“We are thrilled to see this happening today,” said Lisa Peterson, U.S. Ambassador to eSwatini, to the South China Morning Post.

“Just to refer you to the words spoken by Martin Luther King Jnr that ‘injustice anywhere is a threat to justice everywhere’. Some are afraid to come into the open because they are afraid of these acts of injustice. We are here to make justice for all.” she added.

eSwatini, which was formerly known as Swaziland, is a landlocked country in Southern Africa. The country is the last African nation to still have an absolute monarchy, and unfortunately their king, King Mswati III, thinks homosexuality is “satanic.”

On top of this, the country’s government has anti-sodomy laws, which subsequently ban homosexuality.

That said, government official Percy Simelane insists that the government isn’t homophobic and that anti-sodomy law could be easily removed if citizens “lobby parliamentarians to initiate that law, but not the executive”.

“It would be unfair to view the state as homophobic.” Simelane said.

“If they ask why are we not legalizing it, we tell them it is not the mandate of government but it must be the people of eSwatini to do that, not government.”

With around 500 people gathering to march for visibility, it may be time for officials to recognize that LGBTQ people do exist in eSwatini. Then, (hopefully) they’ll realize it’s time to change the law.

Madonna Sends Out an Adorable Message to the LGBTQ+ Community for Pride Month

On Sunday, The Queen of Pop sent a message out to her gay fans for Pride Month.

Last August, Madonna moved, along with her six children, to Lisbon, where they reside in a 12-bedroom palace and former boutique hotel. She’s hard at work on a new album with Music and American Life producer Mirwais, but she took some time out for an Insta tribute to the LGBTQ+ as NYC Pride was at its peak:

“Until I can Share MY music… I’m sending Love from Lisbon! …missing NY and the fierceness of the LGBT community that gave me life from the moment I landed there!! For Me, Pride Month is every month! This [Queen] bows down to every Gay Boy that taught me a. New dance, how to dress, how to slay, To stand tall in the face of adversity to not give up hope, to own my inner bitch and to love my flaws! #loveislove #gratitude #pride -Madonna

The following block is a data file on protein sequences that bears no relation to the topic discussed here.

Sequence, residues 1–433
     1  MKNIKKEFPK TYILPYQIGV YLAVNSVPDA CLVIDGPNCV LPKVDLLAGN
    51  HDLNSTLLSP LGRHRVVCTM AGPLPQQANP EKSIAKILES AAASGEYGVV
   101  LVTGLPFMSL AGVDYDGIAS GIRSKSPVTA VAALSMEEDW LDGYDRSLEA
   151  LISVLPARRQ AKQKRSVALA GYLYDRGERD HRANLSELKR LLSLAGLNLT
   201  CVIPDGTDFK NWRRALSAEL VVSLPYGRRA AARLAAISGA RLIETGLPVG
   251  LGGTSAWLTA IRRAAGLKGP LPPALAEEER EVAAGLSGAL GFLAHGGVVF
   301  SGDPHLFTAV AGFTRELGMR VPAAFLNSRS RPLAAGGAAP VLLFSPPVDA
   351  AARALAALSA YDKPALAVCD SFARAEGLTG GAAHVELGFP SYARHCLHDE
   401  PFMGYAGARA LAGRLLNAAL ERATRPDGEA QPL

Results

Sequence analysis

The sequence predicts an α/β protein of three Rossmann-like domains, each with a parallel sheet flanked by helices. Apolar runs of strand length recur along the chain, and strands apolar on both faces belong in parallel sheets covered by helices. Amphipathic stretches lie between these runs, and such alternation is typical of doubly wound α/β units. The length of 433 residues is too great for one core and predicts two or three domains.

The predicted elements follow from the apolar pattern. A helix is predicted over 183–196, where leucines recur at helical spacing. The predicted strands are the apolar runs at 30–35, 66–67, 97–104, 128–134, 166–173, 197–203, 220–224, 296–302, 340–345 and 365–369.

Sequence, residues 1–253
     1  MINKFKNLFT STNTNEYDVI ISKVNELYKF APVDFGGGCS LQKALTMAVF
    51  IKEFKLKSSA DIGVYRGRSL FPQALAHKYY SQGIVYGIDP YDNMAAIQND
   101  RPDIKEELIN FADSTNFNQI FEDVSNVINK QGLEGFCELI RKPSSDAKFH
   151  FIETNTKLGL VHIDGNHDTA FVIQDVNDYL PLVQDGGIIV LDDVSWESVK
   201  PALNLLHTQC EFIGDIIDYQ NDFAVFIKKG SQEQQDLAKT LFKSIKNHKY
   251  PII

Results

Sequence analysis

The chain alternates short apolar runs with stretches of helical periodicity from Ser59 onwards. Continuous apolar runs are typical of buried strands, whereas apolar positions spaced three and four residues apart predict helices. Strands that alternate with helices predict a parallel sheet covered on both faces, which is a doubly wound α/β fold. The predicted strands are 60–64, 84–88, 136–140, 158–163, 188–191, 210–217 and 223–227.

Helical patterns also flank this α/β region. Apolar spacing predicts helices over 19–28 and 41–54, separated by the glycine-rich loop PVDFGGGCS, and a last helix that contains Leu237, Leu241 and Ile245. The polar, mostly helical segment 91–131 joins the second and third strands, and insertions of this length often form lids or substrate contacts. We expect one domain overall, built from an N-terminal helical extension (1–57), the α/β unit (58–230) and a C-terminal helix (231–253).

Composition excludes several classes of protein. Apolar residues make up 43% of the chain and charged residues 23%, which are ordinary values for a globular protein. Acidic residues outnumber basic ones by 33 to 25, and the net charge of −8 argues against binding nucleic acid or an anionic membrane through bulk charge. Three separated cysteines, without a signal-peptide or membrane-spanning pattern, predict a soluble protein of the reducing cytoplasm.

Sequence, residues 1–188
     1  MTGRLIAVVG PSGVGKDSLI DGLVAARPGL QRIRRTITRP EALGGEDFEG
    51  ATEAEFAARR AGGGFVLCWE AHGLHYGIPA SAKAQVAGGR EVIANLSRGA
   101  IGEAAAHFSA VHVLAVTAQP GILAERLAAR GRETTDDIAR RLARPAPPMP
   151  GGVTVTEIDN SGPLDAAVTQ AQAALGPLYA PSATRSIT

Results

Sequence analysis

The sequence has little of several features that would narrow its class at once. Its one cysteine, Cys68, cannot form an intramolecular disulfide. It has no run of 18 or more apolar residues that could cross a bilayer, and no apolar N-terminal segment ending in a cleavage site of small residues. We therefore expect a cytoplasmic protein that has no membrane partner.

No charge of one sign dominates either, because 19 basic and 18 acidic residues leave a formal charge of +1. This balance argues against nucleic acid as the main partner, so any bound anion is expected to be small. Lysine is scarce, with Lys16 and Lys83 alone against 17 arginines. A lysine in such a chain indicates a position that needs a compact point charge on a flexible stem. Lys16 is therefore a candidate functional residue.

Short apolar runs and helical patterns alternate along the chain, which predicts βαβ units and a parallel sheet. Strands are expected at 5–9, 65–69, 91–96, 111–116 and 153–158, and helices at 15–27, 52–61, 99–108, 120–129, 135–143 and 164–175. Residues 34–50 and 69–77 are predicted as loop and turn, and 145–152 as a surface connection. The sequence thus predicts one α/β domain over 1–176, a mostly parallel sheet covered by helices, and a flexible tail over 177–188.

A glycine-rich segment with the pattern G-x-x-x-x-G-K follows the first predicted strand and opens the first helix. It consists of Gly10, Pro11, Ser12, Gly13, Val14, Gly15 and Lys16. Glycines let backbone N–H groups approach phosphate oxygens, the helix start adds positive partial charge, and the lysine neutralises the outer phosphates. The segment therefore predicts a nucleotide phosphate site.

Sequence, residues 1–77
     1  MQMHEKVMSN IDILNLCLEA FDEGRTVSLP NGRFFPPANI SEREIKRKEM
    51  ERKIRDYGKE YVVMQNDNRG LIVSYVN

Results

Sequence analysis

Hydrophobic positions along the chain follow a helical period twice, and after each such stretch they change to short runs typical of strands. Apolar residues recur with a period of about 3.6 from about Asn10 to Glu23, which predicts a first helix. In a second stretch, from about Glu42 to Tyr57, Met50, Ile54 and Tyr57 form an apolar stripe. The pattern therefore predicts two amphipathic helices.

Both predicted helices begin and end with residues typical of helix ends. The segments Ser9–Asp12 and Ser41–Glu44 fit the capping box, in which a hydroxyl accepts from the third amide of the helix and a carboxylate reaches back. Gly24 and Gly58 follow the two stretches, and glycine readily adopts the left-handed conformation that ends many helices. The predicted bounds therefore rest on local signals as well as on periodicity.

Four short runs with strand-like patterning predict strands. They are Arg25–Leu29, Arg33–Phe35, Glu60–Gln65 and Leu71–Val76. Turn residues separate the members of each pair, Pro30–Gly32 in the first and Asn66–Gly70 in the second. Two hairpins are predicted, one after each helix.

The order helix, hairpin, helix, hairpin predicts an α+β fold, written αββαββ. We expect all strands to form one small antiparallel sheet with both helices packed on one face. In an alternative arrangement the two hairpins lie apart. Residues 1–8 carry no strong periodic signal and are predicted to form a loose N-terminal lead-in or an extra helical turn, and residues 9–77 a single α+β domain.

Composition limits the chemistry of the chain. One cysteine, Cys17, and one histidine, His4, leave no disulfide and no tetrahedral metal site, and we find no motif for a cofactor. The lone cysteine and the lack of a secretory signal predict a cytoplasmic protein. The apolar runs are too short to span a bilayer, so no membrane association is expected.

In the short video, Madonna is singing along with Demi Lovato's track "Solo." The 59-year-old icon puckered up to blow kisses to her fans through a cat filter.

Madonna’s relationship with the LGBTQ+ community goes back to day one. Her first mentor was a gay man named Christopher Flynn, her ballet teacher. He introduced Madonna to the gay community of her native Michigan before encouraging her to walk away from her partial scholarship to the University of Michigan and move to Manhattan to pursue a career.

In a 2010 appearance on Ellen with Ellen DeGeneres, Madonna appeared to talk about bullying, and she said, quite bluntly:

“I wouldn’t have a career if it weren’t for the gay community.”

Check out the adorable Instagram post here: https://www.instagram.com/p/BkarIwIATsY/?utm_source=ig_embed

What Does Each Stripe On The Raibow Flag Mean? Do You Know What You're Changing?

In 1978, Harvey Milk, San Francisco city supervisor and the first openly gay man elected to public office in California, tasked artist and activist Gilbert Baker with creating an emblem of the queer community. The goal was to replace the pink triangle, a symbol that has negative ties to the Nazis an its use to identify homosexuals.